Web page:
How we adopt system that do in fact produce optimal outcomes in terms of both security and freedom is to make the appropriate contexts available to people.

            We have to stop talking about evolution only in terms of competition, and start being explicitly clear that all major developments of complexity in evolved systems are characterised by new levels of cooperation, with attendant sets of strategies that prevent cheating while optimising freedom – and that must always contain uncertainties at the boundaries, requiring both flexible and permeable boundaries.

            We have to be explicitly clear that ideas in our legal system like maximum and minimum penalties and any sort of statute of limitations, are essentially cheating strategies.

            We need to be clear that much of our political, financial and legal systems are dominated by cheating strategies, and have a clear strategic approach to dealing with that.
            And technology can help a lot.

            And centralisation of systems is not a stable answer.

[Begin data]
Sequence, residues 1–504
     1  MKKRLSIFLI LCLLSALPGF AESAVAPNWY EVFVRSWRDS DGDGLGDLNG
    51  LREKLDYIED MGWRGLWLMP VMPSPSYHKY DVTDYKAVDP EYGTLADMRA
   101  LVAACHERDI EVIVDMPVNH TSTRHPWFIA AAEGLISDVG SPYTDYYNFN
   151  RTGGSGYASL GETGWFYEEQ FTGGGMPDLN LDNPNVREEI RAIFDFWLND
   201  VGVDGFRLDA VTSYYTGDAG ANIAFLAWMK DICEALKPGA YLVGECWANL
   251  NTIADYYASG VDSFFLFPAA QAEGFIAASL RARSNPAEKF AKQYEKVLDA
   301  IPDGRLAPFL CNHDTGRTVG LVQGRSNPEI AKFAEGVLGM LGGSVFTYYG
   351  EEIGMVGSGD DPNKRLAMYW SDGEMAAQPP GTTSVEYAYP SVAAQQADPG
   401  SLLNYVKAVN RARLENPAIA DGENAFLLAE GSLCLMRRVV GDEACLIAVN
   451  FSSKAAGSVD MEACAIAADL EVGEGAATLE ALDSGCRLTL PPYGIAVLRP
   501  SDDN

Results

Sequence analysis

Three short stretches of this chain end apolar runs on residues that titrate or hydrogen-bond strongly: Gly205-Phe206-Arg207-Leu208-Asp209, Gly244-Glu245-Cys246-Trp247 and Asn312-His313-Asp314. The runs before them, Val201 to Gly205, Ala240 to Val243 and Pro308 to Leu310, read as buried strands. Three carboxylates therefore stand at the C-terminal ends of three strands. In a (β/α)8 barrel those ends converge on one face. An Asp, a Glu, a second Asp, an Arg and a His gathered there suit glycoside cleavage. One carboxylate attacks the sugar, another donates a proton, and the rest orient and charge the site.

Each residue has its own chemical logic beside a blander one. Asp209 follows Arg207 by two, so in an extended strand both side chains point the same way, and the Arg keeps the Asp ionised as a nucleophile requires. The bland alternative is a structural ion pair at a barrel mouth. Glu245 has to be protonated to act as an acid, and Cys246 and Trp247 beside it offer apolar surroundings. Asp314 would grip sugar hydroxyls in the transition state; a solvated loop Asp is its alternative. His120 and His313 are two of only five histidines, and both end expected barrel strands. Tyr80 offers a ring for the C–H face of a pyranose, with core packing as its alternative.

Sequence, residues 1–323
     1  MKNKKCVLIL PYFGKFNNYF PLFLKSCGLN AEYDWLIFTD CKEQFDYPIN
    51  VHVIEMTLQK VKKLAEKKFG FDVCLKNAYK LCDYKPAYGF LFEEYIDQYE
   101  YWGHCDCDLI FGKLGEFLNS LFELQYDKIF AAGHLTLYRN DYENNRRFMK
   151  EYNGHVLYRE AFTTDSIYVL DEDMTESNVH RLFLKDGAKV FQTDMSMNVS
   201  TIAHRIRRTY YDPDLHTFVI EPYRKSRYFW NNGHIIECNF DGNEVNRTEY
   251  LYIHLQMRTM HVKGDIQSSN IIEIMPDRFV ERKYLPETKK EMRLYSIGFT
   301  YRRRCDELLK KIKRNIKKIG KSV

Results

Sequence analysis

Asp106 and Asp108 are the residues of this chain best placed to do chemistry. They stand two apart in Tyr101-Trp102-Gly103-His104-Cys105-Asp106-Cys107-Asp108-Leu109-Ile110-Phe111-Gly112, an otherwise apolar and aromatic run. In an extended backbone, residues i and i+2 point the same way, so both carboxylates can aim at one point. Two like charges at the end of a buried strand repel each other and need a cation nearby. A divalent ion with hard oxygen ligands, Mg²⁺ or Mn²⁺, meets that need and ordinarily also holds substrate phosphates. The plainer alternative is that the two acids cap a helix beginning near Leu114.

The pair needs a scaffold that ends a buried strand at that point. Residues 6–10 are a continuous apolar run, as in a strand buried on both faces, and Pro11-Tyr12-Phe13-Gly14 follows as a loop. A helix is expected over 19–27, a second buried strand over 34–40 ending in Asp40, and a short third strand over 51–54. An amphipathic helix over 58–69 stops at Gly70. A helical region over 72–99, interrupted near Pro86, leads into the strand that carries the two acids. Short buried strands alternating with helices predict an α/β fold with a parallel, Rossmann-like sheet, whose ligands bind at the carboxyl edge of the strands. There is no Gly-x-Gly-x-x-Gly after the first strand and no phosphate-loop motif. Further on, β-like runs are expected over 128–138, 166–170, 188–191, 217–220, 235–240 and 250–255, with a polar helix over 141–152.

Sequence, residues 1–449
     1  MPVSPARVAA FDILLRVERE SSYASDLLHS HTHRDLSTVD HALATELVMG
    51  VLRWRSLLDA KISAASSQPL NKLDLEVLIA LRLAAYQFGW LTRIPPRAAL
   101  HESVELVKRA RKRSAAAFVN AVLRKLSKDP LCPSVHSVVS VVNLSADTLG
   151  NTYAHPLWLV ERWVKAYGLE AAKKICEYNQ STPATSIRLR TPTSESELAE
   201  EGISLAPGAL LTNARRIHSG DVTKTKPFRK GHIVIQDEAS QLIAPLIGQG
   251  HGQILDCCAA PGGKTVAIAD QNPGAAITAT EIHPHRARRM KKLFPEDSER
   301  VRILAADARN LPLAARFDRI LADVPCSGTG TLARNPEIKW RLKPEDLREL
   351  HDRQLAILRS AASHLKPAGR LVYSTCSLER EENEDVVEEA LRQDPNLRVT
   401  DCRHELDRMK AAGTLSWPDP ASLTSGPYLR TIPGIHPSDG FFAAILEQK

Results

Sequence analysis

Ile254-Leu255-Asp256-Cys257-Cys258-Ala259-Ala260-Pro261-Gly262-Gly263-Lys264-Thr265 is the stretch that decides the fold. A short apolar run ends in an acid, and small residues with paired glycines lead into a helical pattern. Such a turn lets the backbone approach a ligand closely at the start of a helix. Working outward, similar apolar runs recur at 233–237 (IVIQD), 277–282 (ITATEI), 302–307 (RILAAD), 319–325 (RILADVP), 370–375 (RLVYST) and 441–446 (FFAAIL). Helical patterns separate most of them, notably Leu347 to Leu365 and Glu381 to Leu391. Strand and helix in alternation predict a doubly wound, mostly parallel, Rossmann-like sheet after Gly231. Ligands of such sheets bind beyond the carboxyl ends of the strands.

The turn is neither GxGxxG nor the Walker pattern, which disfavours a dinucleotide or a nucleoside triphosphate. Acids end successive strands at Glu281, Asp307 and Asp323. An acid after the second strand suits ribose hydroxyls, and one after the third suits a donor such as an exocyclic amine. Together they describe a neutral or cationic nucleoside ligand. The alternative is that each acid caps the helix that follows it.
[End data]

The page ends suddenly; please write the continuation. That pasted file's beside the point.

Any centralised system is vulnerable to failure in many different ways, and the two most common are takeover by some cheating strategy or failure of some key component.

            So we need to follow the biological example of how to mitigate such risk, by using decentralised and massively redundant systems (backups of backups – plans A, B, C, and plan generation systems – avoidance, removal, resilience).

            To achieve a change, we need to change the reality.
            For those at the top, it can mean making the many levels of systemic risk of the current system clear, and proposing a clear set of transition strategies to a different system that delivers greater benefits to them.
            For those at other levels it will come about by change of context creating changes to the probabilities of expression of particular classes of behaviour.

            Nothing certain, everything with uncertainties and with confidence levels.